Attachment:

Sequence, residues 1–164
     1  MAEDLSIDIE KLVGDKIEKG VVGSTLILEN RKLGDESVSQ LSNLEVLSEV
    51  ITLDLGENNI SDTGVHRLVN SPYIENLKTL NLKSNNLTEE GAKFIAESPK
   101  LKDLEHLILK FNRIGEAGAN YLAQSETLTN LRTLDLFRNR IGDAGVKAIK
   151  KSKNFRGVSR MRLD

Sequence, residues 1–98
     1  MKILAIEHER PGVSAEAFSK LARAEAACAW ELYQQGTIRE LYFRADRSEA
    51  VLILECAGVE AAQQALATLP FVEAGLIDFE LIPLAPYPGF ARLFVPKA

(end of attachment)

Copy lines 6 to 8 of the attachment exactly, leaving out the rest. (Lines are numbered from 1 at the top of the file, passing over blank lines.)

Sequence, residues 1–98
     1  MKILAIEHER PGVSAEAFSK LARAEAACAW ELYQQGTIRE LYFRADRSEA
    51  VLILECAGVE AAQQALATLP FVEAGLIDFE LIPLAPYPGF ARLFVPKA